Real Estate & Construction  September 16, 2021

Google buys The Reve office space in major expansion of Boulder footprint

BOULDER — The Reve, a new mixed-use development in the heart of Boulder, will be home to a prominent commercial company: Google.

The tech giant is buying the office component of the project at 30th and Pearl streets.

The Reve also includes a large residential component, which Google is not buying.

Google’s new offices in The Reve total about 125,000 square feet.

Over the past decade and a half, the Mountain View, California, search-engine operator has become one of Boulder’s biggest tech players in terms of real estate and employee base.

Google’s first local foothold came with its acquisition of SketchUp in 2006, a company that was eventually divested in 2012.

Since then, the company has built a three-building, roughly 300,000-square-foot campus at 2930 Pearl St., taken over a nearly 160,000-square-foot facility at 3333 Walnut St. that was formerly home to CA Technologies Inc., and occupied smaller offices at 2590 Pearl St. and 2600 Pearl St. 

The company had also occupied space at 2525 28th St., once home to workers with Google Nest, which makes smart-home devices such as thermostats, cameras and smoke alarms. Nest has been rolled into the larger Google operation and moved to other offices.

“One of the big objectives in building up [the Boulder presence] is to have a cohesive Google campus,” Google Boulder’s site lead and senior engineering director Bhavna Chhabra told BizWest. “The thing that appealed to us [about the Reve] is that it’s right across from Pearl Place,” the name for the existing campus at 30th and Pearl streets. 

“It seems like a fun and exciting place, and it’s mixed-use with apartments and retail space,” she said. “If you look at Google’s presence around the U.S., we like to be in urban hubs.”

Google was also attracted to the Reve in part due to its proximity to the Boulder Junction public transit hub, Chhabra added.

Boulder and the greater Front Range area provide opportunities for a work-life balance that are critical to attracting a vibrant workforce, she said.

“Colorado is a really fun state, and you can see that from all the people moving here from different places,” Chhabra said. “… I came here in 1993 as an immigrant, and I love Boulder so much that I stayed.”

The company “benefits from the strong universities that surround us,” she said. “The Colorado School of Mines, University of Colorado, Colorado State University are great feeders” into Google’s employee base.

“This investment in Colorado is a sign that our economy is building back better, and is the best place to live, work and play,” Gov. Jared Polis said in a prepared statement. “Innovation and creativity define Colorado’s tech industry, and we’re glad to see further investment creating good jobs in our state.”

Boulder’s growing reputation as a national and global hub for technology and entrepreneurship has proved Google right in its decision to expand locally. 

“We’ve got a really good ecosystem that we can be part of,” Chhabra said. 

Local Googlers work for an array of business units, including gTech, or Google Technical Services, and product development and engineering for Chrome, Google Maps, GSuite, payments, people operations and advertising. Among Google’s other Boulder operations is subsidiary and health-care technology firm Verily Life Sciences.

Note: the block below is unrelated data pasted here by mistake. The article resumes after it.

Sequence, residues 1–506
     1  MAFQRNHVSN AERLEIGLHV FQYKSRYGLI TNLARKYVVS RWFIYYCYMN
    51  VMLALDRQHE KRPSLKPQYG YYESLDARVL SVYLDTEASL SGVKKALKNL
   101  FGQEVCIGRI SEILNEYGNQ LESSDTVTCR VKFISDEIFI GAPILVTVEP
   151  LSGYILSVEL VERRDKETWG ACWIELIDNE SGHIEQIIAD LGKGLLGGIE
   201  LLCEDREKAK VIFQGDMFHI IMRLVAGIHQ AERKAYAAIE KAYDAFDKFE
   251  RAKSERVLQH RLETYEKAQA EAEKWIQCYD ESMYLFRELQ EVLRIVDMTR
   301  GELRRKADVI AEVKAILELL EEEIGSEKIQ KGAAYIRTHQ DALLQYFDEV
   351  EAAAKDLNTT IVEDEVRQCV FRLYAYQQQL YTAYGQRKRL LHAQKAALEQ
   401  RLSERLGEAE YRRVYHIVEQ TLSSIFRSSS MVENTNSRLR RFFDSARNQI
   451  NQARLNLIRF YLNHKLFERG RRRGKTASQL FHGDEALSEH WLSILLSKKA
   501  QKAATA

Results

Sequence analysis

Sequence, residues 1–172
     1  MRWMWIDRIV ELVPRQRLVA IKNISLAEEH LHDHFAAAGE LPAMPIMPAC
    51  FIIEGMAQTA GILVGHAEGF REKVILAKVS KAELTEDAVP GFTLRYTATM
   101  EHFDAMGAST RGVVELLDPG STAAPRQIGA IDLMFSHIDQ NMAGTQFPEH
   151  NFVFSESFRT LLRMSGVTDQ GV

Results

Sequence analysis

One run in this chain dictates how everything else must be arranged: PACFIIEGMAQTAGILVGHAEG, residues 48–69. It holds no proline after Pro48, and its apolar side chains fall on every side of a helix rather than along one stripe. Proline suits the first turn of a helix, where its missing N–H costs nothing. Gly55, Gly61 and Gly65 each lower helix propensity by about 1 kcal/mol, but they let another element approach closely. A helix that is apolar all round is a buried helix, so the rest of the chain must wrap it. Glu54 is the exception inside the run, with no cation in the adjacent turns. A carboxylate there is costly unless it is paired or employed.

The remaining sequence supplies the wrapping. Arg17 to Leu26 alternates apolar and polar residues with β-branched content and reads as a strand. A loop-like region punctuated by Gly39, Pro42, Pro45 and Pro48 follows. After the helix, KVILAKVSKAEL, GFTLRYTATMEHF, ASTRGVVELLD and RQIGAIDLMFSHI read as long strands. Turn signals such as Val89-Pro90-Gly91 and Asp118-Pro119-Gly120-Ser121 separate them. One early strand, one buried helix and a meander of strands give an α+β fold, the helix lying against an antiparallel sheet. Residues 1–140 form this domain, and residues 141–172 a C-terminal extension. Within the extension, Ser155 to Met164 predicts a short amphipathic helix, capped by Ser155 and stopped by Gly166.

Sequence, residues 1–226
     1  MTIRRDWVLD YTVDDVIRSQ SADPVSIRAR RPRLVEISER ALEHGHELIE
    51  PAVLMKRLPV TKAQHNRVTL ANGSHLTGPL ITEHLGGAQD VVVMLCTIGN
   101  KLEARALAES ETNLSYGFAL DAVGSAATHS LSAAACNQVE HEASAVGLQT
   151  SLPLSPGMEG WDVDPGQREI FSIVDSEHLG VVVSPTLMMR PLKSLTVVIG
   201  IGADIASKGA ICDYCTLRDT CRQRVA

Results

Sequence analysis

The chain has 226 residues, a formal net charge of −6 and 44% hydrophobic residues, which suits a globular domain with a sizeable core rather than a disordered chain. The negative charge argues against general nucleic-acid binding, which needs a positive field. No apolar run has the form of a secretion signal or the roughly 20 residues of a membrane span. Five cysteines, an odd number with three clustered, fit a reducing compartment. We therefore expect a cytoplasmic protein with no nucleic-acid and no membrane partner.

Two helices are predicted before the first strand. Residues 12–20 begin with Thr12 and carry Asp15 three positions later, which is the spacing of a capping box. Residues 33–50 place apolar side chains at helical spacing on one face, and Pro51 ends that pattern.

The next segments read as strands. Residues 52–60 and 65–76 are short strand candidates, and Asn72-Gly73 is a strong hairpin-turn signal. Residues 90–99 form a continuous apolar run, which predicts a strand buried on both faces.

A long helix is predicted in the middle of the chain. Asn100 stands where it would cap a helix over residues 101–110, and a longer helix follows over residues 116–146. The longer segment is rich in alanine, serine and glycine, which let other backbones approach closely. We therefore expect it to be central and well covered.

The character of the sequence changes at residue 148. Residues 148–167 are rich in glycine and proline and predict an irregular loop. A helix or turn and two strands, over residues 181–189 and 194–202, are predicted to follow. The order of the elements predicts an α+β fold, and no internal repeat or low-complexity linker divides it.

Google performs ongoing “space planning” efforts to determine which employees and business units operate out of which office, Chhabra said. “Over time, we’ve shuffled it.”

The addition of the Reve provides more flexibility for space planners.

The company employs approximately 1,500 people in Boulder, but that number has been somewhat dynamic of late as many Googlers have been working remotely from all corners of the country and globe. Google also has about 100 employees in offices in Thornton. 

Beginning in late July, Googlers were permitted to return to offices, but individuals can choose to remain working from home until January 2022.

When they do return, local workers will have some flexibility in their in-office versus at-home schedules. 

Googlers assigned to a specific geographical site — Boulder, for example — will work in the office a minimum of three days per week. Certain employees will be able to apply to work fully remotely. 

The goal is to provide workers with flexibility while also maintaining a semblance of Google’s in-office company culture. 

The new office space in the Reve will not be occupied for a number of months as Google must now begin the process of renovating the space to meet its needs. 

“We need to make it into an awesome Google space, and that will take a while,” Chhabra said. 

Google telegraphed its plans to expand Colorado operations last February when Google CEO Sundar Pichai said in a blog post that the company has “the capacity to double our [Colorado] workforce over the next few years, in part by expanding our presence in Boulder.” However, Google was mum for a year and half regarding specifics of its local expansion — until now.

The Reve, which broke ground in 2019, has been in the works for years, with approval for Southern Land Co.’s plans occurring in 2016.

The development made headlines in March when Southern Land sold off the roughly 275,000, 244-unit residential side of the project for $151 million, one of Boulder’s largest multi-family deals in recent years. 

Google said it closed on the purchase of the Reve office space Wednesday, but has not provided a sale price. The deal has yet to be recorded with Boulder County.

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